With the Aggie Hall in the background

Looking Back: Origins of the country fair

Prior to 1959, the heart of the community was Aggie Hall and it’s grounds.

Prior to the 1959 move of the agricultural association, to the Albion Fairgrounds, the heart of the community was the Aggie Hall and it’s grounds, which lay where Haney Place Mall is now.

The hall was built in 1909 on land that had been owned by Thomas Haney.

It allowed the annual fair to be moved from the municipal hall on Callaghan Street, where there was not sufficient outdoor space for livestock competitions, to the new hall where there was plenty of room for indoor displays and for livestock pens outdoors.

The annual fair was a much anticipated event.

Competition was fierce and for many people it could boost their ability to make a living if their stock or vegetables won prizes.

In those days, agriculture was not something that other people did – it touched every home in some way.

For women, the main areas of competition were canning, baking and fibre arts.

Canned goods were vital for winter and could be traded for other items.

Baking was a matter of pride as it was determined who made the most perfect pie crust or the most magnificent loaves of bread.

The fibre arts included sewing and knitting and quilting and were often an indication of thrifty re-use of items, which had already had a life or two.

Used clothing, flour sacks, and worn bedding were all incorporated  in beautiful quilts that would be displayed for all to see.

The fair usually included a quilt in progress by the local Women’s Institute, which would work on the quilt at the fair, selling blank white spaces for a quarter. The buyer would then have their name neatly embroidered on the quilt, which would be raffled at the end of the fair.

We have several of these quilts in the museum collection and the names show residents and visitors contributed.

The Aggie grounds were also home to sports like baseball and lacrosse, though the ball players never liked sharing their field with cows, who made deep ankle-threatening holes when the field was muddy.

By the later 1950s, the ball players had moved to Pete Telosky’s stadium and the growing district had municipal government eyeing the Aggie grounds hungrily.

In 1959, the district purchased Spencer farm in Albion and traded it to the Maple Ridge Agricultural Association in exchange for the original grounds.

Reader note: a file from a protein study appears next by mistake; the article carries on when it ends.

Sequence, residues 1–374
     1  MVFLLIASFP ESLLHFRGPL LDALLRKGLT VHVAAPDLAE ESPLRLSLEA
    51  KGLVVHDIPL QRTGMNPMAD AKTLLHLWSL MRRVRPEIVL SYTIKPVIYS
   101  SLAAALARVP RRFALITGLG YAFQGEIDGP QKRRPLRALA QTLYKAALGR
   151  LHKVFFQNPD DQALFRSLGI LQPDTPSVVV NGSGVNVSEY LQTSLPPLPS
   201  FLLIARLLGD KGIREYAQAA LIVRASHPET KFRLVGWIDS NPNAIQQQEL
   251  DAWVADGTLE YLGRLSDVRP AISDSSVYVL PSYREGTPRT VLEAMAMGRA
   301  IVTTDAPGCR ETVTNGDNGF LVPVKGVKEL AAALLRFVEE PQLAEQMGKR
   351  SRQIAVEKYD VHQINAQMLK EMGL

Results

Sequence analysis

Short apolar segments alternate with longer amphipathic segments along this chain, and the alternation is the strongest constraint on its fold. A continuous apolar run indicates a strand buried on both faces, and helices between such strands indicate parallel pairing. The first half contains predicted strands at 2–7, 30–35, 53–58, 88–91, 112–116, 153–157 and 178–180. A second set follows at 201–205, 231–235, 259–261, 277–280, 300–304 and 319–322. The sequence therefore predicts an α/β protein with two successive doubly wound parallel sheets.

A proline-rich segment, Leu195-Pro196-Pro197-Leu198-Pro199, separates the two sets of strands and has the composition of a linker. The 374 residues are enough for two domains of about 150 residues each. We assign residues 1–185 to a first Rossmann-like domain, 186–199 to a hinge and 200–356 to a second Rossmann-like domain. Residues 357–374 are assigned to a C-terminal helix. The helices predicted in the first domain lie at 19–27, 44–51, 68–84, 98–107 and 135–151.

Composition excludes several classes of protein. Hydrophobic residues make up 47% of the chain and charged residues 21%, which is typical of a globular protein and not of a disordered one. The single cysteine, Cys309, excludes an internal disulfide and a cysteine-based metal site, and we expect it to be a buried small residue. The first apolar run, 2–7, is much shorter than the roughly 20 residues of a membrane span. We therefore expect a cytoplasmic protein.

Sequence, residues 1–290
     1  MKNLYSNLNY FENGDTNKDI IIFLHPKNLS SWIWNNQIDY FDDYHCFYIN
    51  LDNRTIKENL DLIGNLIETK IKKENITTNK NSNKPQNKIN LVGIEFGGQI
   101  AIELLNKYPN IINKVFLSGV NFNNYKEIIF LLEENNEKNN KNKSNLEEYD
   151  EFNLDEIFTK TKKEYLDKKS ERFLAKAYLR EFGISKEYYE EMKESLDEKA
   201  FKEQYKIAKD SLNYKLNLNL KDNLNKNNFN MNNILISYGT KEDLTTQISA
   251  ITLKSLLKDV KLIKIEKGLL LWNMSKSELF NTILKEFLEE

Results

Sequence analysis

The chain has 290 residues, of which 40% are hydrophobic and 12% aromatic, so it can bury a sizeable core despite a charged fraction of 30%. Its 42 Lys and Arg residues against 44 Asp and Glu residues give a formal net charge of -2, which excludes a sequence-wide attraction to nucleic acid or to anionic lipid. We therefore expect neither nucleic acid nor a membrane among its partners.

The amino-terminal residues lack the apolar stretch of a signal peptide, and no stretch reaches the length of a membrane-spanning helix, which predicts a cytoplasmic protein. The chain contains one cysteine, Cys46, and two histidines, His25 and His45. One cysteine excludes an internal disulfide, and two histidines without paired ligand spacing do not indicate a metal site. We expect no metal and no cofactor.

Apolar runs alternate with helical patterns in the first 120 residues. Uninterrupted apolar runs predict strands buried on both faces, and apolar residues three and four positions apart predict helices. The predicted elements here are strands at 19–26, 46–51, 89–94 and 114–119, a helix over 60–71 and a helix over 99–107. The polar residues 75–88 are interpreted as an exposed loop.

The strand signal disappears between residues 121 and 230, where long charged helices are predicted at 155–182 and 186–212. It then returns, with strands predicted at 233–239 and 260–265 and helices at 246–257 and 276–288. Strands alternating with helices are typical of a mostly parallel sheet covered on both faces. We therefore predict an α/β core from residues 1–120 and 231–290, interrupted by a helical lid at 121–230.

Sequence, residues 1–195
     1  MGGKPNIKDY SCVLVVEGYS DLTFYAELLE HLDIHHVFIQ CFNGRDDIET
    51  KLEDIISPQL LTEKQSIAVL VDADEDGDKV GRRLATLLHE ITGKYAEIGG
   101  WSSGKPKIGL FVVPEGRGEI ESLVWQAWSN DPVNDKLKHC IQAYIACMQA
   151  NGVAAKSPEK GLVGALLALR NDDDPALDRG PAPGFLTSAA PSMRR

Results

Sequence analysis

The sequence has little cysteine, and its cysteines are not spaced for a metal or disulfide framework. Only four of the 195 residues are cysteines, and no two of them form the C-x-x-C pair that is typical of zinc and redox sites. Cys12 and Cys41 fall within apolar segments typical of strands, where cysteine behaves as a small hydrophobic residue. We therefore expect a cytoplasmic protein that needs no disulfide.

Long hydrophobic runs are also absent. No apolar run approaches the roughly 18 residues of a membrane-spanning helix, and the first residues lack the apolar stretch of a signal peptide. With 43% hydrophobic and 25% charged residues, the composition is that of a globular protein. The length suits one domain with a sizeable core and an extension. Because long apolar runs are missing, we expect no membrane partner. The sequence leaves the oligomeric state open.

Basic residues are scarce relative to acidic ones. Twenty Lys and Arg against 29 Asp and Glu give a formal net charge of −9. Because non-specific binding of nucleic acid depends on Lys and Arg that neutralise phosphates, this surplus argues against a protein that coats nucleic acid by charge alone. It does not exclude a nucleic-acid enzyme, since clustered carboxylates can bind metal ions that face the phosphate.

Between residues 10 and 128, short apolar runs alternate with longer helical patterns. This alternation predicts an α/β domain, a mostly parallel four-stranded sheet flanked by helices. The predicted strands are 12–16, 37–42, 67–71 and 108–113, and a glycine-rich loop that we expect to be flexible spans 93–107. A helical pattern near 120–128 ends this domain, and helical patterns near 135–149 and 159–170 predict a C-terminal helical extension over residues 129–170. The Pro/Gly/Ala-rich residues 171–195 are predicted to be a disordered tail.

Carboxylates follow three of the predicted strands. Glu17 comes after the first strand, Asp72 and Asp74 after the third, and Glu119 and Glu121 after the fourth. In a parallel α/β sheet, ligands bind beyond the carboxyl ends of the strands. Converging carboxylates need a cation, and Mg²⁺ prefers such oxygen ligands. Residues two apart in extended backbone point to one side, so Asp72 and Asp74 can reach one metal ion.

– By Val Patenaude of the Maple Ridge Museum.

 

Just Posted

Maple Ridge man to the rescue twice in 10 minutes

Karl Dey helped the VPD take down a violent sex offender

Maple Ridge magnetic hill defies the law of Newton

It is a stretch of road where cars roll uphill instead of down

Driver from 2005 vehicle dragging death in Maple Ridge dies

Grant De Patie killed while working at gas station

Crown drops one Vernon assault charge against Curtis Sagmoen

Curtis Wayne Sagmoen will still stand trial on one count of assault causing bodily harm in December.

Start of Maple Ridge B-Line bus service may be delayed

TransLink says new service could start next year, some time

After mosque attacks, New Zealand bans ‘military-style’ guns

The gunman killed 50 in a Christchurch mosque

Nowhere to grieve: How homeless people deal with loss during the opioid crisis

Abbotsford homeless advocate says grief has distinct challenges for those living on the streets

ICBC shifts to Alberta model, with higher rates, private insurers say

B.C. public insurance includes funding enforcement, driver licensing

B.C., feds accused of ‘environmental racism’ over Site C, Mount Polley

Amnesty International Canada says governments failed to recognize threats to Indigenous peoples

New Leger polls suggests federal Liberals lagging Conservatives

Overall, 31 per cent of respondents polled said they would vote for Justin Trudeau’s Liberals

Two men charged in Lower Mainland grocery store stabbing in 2018

Coquitlam RCMP say the incident is ‘believed to be targeted’

Number of homeless deaths more than doubled in B.C. as opioid crisis set in

New data shows trend between more overdose deaths and the number of people dying in the street

Four people spat on in ‘random, unprovoked’ assaults: Vancouver police

Police ask additional victims to come forward after woman in a wheelchair spat on

Most Read